Severe Congestive Heart failure and Left Ventricular Dysfunction.

Severe congestive heart failure and left ventricular dysfunctionhave occasionally been reported in patients taking Zimitib . Most of the patients with reported cardiac reactions have had other co-morbidities and risk factors, including advanced age and previous medical history of cardiac disease.


Hepatotoxicity, occasionally severe, may occur with Zimitib , Liver function (transaminases, billirubin, and alkaline phosphatase) should be moniored before initiation of treatment and monthly) or as clinically indicated. Laboratory abnormalities should be managed with interruption and /or dose reduction of the treatment with Zimitib .


In CML Patients 1.8% of patients had Grade 3/4 hemorrhage. In GIST patients, seven patients (5%) four in the 600 mg dose group and three in the 400 mg dose group, had a total of eight reactions of CTC Grade 3/4 gastrointestinal (GI) bleeds (3 patients), intra-tumpral bleeds (3 patients) or both (1 patient). Gastrointestinal tumor sites may have been the source of Gl bleeds

Gastrointestinal Disorders:

Zimitib is sometimes associated with GI irritation. Zimitib should be taken with food and a large glass of water to minimize this problem. There have been rare reports, including fatalities, of gastrointestinal perforation.

In patients with hyperesoinophilic syndrome and cardiac involvement, cases of cardiogenic shock/left ventricular dysfunction have been associated with the initiation of imatinib therapy. The condition was reported to be reversible with the administration of systemic steroids, circulatory support measures and temporary withholding imatinib.

Dermatologic Toxicities:

Bullous dermatologic reactions, including erythmamultiforme and Stevens – Johnson syndrome, have been reported with use of Zimitib .

Carcinogenesis, Mutagenesis, Impairment of Fertility

Human studies on male patients receiving Zimitib and its affect on male fertility and spermatogenesis have not been performed. Male patients concerned about their fertility on Zimitib treatment should consult with their physician.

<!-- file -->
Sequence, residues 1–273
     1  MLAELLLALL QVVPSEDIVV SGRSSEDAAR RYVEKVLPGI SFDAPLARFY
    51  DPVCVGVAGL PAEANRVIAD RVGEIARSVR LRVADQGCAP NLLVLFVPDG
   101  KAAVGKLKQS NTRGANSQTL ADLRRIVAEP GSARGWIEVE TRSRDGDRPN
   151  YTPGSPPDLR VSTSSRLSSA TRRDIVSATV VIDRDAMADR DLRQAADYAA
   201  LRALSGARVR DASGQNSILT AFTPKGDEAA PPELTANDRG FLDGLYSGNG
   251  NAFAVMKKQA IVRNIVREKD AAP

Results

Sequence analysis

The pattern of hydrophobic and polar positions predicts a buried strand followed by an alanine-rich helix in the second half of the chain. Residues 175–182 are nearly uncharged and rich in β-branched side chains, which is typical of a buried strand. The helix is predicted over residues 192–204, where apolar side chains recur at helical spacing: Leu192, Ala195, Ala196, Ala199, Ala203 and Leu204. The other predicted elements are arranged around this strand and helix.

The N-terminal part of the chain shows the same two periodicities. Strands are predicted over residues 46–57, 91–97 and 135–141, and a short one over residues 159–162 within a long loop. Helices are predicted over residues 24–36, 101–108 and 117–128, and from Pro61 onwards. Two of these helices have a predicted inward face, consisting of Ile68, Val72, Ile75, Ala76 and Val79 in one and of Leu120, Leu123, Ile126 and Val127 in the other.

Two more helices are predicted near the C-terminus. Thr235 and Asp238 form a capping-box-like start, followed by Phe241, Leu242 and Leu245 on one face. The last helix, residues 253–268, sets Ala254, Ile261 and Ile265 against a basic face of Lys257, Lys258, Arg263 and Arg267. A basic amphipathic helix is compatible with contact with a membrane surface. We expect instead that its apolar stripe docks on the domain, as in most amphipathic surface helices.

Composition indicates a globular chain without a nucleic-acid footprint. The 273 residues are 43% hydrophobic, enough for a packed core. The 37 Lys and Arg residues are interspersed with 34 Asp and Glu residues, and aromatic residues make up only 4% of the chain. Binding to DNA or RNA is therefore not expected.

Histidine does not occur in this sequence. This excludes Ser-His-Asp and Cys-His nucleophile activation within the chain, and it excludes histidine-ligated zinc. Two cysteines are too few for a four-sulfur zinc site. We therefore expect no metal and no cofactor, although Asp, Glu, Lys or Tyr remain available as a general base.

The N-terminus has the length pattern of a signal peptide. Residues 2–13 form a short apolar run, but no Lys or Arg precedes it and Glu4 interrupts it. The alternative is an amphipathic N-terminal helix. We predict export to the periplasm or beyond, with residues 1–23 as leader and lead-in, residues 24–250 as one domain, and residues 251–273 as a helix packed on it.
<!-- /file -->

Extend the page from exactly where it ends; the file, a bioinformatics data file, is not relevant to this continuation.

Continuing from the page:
Nursing Mothers:

It is not known whether imatinibmesylate or its metabolities are excreted in human milk, a decision should be made whether to discontinue nursing or to discontinue the drug, taking into account the importance of the drug to the mother.

Pediatric Use:

Zimitib safely and efficacy have been demonstrated in children with newly diegnosedPh+ chronic phase CML and in children with Ph+ chronic phase CML with recurrence after stem-cell transplantation or resistance to interferon-alpha therpy.

Geriatric Use:

No difference was observed in the safely profile in patients older than 65 years as compared to younger patients, with the exception of a higher-frequency of edema. The efficacy of Zimitib was similar in older and younger patients.

Hepatic Impairment:

The effect of hepatic impairment on the pharmacokinetics of both imatinib and its major metabolite, CGP74588, was asessed in 84 cancer patients with varying degrees of hepatic Impairment at Imatinib dose ranging from 100-800 mg. Exposure to both imatinib and CGP74588 was comparable between each of the mildly and moderately hepatically-impaired groups and the normal group. Patients with severe hepatic impairment tend to have higher exposure to both imatinib and its metabolite than patients with normal hepatic function. At steady state the mean Cmax/dose and AUC/dose for imatinib increased by about 63% and 45% respectively, in patients with severe hepatic impairment compared to patients with normal hepatic function. The mean Cmax/dose and AUC/dose for CGP74588 increased by about 56% and 55%, respectively, in patients with severe hepatic impairment compared to patients with normal hepatic function.

Renal Impairment:

No clinical studies were conducted with Zimitib in patients with decreased renal function (studies excluded patients with serum creatinine concentration more than 2 times the upper limit of the normal range)